J&J Must Warn Consumers About Ties Between Talcum Powder and Ovarian Cancer

J&J Must Warn Consumers About Ties Between Talcum Powder and Ovarian Cancer

October 7th, 2013 // 1:41 pm @

Source: Pharmalot

A South Dakota federal jury last week decided that pharmaceutical giant Johnson & Johnson needs to warn consumers of a link between ovarian cancer and using J&J’s talcum powder, specifically for feminine hygiene. In coming to this decision, the jury decided that the product, called Shower to Shower, was a contributing factor for a woman who got ovarian cancer. She used the product for more than 30 years.

Deane Berg, a 56 year old woman, filed a lawsuit against J&J in 2009 after she learned about the cancer link from a pamphlet. The document talked about studies that went back for many decades that showed there was a link between ovarian cancer and talcum powder. She was diagnosed in 2006 and had no risk factors for that type of cancer.

Her lawyers stated that Berg would never have used the powder if she knew of the risk. J&J did not give any warning. Her lawsuit noted a number of studies that indicated use in the area of the female genitals could increase the cancer risk. A study in 2000 in the Journal of the National Cancer Institute noted that there was a small increase in risk for developing ovarian cancer. Another study in 2004 showed there was some support for the theory that using talc increased cancer risk.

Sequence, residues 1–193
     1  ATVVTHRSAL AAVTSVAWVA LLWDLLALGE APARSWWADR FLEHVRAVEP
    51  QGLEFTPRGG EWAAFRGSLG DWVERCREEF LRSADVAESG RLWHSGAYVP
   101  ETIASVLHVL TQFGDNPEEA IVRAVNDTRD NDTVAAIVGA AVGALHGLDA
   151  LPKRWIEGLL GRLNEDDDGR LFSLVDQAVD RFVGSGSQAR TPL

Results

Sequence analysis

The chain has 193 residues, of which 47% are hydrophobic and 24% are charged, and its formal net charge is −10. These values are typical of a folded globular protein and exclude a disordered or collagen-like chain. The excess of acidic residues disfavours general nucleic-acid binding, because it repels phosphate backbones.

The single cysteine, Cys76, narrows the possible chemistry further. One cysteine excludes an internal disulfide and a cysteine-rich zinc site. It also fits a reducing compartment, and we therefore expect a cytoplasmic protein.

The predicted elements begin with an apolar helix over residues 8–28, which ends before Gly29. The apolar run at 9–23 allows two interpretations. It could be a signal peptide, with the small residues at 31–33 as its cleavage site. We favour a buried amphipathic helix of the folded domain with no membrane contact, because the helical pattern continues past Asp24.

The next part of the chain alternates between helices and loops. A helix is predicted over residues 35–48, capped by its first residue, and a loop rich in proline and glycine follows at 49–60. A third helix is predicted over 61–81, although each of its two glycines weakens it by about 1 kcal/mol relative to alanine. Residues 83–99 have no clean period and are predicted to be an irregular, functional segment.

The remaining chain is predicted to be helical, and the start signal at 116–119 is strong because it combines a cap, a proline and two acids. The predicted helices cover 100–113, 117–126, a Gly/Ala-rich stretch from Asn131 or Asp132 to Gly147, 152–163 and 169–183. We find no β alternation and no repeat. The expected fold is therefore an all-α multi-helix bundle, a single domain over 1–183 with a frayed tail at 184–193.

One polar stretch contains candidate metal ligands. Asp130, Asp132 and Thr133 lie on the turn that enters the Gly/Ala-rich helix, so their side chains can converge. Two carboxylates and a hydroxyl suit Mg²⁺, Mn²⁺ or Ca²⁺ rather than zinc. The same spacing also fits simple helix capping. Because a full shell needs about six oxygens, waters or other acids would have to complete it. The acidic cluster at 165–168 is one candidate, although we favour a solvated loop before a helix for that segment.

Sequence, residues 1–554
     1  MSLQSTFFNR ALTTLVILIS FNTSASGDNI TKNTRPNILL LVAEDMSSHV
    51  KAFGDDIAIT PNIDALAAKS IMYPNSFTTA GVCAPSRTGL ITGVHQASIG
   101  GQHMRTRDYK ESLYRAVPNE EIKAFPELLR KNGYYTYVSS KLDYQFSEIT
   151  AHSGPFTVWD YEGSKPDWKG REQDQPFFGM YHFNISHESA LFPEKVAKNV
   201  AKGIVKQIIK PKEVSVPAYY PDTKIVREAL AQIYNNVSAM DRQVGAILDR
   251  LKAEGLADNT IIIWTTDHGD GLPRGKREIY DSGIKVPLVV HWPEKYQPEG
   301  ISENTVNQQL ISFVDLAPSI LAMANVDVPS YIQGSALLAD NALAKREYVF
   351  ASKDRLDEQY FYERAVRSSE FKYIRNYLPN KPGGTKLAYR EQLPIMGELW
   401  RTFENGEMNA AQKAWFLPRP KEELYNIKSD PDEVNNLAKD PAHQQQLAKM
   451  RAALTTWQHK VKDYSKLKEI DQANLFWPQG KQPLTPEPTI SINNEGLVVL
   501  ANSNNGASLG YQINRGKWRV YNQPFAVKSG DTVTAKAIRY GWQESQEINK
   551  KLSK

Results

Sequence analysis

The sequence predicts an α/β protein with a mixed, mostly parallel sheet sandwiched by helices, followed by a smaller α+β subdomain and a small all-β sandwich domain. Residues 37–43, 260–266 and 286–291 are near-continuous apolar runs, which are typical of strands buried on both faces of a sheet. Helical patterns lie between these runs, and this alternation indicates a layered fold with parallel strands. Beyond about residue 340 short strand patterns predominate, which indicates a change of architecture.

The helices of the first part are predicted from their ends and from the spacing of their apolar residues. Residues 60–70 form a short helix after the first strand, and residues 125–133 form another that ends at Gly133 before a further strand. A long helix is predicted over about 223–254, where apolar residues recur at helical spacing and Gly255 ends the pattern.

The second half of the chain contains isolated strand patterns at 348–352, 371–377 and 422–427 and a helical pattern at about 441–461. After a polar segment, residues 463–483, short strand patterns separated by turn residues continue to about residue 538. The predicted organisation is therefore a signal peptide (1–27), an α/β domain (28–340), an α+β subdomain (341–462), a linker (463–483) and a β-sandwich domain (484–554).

J&J has argued that talcum powder is 100% safe and research has never shown a strong enough link to mandate that a warning be issued. J&J also noted that this jury did not award damages to the woman, and didn’t agree that the powder is defective if it has no warning label.

Her lawyers noted that the company knew of the risks and did not put a warning on the product. One doctor looked at the cancer tissue of the woman, and he believed that talc was probably a factor in 10,000 cases of ovarian cancer annually.

J&J also recently got a subpoena from the attorney general in Mississippi, who is looking  into how talcum powder use is promoted. A spokesperson for the AG noted that the state is worried about problems associated with using talc in feminine hygiene.

 


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